Reimagining the creator economy

Knowledge work is largely about the creation of new products, new services and experiences. That is, new ways of supporting others in an endeavour. Particularly the parts of that work which can be done remotely.

Regardless of where the making takes place, making requires a wide array of tools, methods and related supplies.

From standing desks to post-it notes, multi-player software or physical privacy walls. The design of a home has ideas of its own, and there is no single solution to finding the right kit of parts.

In a corporate setting, supply chains enter ‘the mail room’ or some centralised place and are distributed across the building or campus. Working from home can make it hard to anticipate who is working where. From one day to the next. These sources of supply must quickly map to a wider network of homes.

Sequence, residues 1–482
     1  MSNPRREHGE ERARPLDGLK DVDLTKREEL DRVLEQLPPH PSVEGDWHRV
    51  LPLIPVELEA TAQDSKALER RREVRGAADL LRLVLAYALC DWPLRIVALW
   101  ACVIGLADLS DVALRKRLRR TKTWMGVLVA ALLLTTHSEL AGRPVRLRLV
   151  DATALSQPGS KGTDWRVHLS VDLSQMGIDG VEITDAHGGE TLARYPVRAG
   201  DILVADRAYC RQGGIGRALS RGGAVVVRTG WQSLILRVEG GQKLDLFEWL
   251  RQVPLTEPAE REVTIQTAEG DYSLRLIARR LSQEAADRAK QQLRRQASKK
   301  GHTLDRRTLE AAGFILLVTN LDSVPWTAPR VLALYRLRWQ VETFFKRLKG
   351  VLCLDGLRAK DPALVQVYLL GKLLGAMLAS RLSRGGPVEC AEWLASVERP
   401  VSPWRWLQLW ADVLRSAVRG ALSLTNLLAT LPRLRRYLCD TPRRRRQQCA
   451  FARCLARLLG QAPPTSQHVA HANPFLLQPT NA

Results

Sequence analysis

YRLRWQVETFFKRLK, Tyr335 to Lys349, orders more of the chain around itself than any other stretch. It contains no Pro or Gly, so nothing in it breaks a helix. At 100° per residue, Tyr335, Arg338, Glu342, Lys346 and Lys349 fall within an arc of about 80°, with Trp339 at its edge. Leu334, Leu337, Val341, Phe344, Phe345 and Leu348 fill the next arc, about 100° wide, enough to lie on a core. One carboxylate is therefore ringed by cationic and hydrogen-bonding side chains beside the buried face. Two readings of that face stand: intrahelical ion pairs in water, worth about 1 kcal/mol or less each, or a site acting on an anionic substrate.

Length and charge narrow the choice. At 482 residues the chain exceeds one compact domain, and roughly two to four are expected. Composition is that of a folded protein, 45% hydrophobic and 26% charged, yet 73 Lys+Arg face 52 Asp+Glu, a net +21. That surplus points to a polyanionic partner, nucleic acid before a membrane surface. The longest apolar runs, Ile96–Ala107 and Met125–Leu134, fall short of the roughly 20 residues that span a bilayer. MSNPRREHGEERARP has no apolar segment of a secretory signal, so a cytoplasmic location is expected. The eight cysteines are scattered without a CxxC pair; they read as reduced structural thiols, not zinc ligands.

At first it’ll feel convenient to make use of a small set of massive online merchants particularly for physical goods such as a new monitor, ring light, or external camera. However, the costs of goods will inflate when taking this approach. Especially if every random purchase comes at the convenience of same day shipping. However, we end up losing any environmental gains made in the bargain. With so many places to furnish, why not lean on local sources instead?

Design in context: To make work from home work is to think about the workplace as an evolving, shifting solution.